Coevolving Innovations

… in Business Organizations and Information Technologies

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Open source, private source: foundations

In my dissertation for Aalto University, I’ve chosen the label of “private source” in opposition for the label “open source”.  This dissertation has been under development for some years.  In November 2012, the annual Arctic Workshop — a meeting of graduate students and supervisors of the Finnish Doctoral Program in Industrial Engineering and Management — was scheduled to bring together participants from across Finland.  With a theme for 2012 of “Innovation and Sourcing”, and an opportune opening on my calendar, I went to Finland to participate.

As a graduate student, I prepared an article and presentation slides for the event.  The abstract sent in advance said:

This research paper is an excerpt from a forthcoming dissertation titled “Open source with private source: coevolving architectures, styles and subworlds in business”. The content has been extracted from the first and second chapters, particularly on foundational definitions. It has being contributed to the Arctic Workshop 2012 as a research paper as part of a thesis under development.

This thesis, as a complete work, inquires into the question: How do open source and private source coexist and coevolve as patterns of behaviour in business? The research approach chosen is inductive, from nine cases in which both open source and private source have been in play. Theories built in the fully-developed thesis are placed into pluralistic contexts, as an inductive approach to multiparadigm inquiry.

Coincident with the theme of “Innovation and Sourcing” for the Arctic Workshop 2012, this research paper aims to explain the terms “open source” and “private source”, mostly as distinct patterns as phenomena in contemporary business.

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In my dissertation for Aalto University, I’ve chosen the label of “private source” in opposition for the label “open source”.  This dissertation has been under development for some years.  In November 2012, the annual Arctic Workshop — a meeting of graduate students and supervisors of the Finnish Doctoral Program in Industrial Engineering and Management — was scheduled to bring together participants from across Finland.  With a theme for 2012 of “Innovation and Sourcing”, and an opportune opening on my calendar, I went to Finland to participate.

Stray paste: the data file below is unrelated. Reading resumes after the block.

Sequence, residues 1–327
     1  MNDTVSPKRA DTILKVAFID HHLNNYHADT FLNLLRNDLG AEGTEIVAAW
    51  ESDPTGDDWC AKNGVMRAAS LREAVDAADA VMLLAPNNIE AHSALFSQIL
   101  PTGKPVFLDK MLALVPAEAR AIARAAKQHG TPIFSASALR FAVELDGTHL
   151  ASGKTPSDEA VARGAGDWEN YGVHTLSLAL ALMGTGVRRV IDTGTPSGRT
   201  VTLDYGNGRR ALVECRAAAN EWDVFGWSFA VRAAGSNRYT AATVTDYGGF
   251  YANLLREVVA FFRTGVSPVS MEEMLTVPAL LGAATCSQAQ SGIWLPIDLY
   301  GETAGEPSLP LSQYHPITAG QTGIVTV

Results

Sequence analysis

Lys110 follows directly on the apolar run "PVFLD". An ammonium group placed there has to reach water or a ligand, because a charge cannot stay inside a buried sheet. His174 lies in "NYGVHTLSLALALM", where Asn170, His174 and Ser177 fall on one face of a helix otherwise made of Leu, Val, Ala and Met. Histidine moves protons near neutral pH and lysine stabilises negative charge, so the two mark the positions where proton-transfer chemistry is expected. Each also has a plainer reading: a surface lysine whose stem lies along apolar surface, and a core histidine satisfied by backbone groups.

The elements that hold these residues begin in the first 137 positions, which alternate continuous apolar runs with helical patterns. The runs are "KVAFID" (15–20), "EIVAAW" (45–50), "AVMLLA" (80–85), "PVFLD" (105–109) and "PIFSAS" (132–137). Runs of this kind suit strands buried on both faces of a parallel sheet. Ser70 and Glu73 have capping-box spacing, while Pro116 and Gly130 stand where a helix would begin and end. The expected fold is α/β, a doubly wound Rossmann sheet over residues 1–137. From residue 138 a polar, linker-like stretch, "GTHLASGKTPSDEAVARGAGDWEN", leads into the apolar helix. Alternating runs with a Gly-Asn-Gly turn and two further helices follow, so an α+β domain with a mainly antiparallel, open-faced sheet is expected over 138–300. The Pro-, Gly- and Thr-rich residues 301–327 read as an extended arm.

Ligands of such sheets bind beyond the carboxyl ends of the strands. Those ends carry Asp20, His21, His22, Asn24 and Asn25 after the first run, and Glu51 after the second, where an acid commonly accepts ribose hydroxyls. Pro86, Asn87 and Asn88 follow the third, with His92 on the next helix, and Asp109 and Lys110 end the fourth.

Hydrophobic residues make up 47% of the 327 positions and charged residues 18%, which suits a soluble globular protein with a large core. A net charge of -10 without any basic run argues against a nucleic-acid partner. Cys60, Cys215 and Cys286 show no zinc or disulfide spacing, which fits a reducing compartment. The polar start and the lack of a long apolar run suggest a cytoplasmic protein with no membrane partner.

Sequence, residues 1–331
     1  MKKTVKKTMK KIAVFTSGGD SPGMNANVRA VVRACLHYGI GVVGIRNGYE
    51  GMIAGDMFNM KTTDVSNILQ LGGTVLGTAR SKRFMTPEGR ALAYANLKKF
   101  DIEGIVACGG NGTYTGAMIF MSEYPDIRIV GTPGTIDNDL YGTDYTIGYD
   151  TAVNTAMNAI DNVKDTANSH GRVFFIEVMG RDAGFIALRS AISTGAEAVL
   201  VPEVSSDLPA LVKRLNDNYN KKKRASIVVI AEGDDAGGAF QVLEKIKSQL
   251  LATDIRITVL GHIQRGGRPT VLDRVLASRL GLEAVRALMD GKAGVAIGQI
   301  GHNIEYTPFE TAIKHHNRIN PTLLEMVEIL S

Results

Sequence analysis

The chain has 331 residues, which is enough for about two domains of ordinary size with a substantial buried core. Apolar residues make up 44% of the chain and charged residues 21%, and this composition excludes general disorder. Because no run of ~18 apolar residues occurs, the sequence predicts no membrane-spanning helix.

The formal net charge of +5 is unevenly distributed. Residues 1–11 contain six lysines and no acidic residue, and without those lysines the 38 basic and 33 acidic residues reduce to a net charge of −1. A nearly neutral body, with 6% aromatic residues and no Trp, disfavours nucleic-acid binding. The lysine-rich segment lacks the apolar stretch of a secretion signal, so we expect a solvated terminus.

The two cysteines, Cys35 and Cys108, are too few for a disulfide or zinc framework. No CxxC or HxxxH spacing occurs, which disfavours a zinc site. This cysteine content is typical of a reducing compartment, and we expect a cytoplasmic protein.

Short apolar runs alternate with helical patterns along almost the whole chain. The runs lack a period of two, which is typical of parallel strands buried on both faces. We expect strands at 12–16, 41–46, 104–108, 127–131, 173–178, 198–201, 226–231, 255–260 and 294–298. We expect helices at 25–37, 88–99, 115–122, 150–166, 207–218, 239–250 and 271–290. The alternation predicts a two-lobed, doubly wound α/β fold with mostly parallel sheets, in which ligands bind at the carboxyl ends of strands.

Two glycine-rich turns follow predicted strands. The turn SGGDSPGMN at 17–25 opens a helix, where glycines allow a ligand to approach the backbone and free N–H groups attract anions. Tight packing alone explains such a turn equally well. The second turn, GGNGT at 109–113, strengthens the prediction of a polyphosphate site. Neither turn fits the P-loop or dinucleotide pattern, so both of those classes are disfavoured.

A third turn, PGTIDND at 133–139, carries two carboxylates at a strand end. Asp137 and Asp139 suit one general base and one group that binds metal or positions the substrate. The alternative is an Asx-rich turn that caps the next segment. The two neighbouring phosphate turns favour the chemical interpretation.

As a graduate student, I prepared an article and presentation slides for the event.  The abstract sent in advance said:

This research paper is an excerpt from a forthcoming dissertation titled “Open source with private source: coevolving architectures, styles and subworlds in business”. The content has been extracted from the first and second chapters, particularly on foundational definitions. It has being contributed to the Arctic Workshop 2012 as a research paper as part of a thesis under development.

This thesis, as a complete work, inquires into the question: How do open source and private source coexist and coevolve as patterns of behaviour in business? The research approach chosen is inductive, from nine cases in which both open source and private source have been in play. Theories built in the fully-developed thesis are placed into pluralistic contexts, as an inductive approach to multiparadigm inquiry.

Coincident with the theme of “Innovation and Sourcing” for the Arctic Workshop 2012, this research paper aims to explain the terms “open source” and “private source”, mostly as distinct patterns as phenomena in contemporary business.

Read more (in a new tab)
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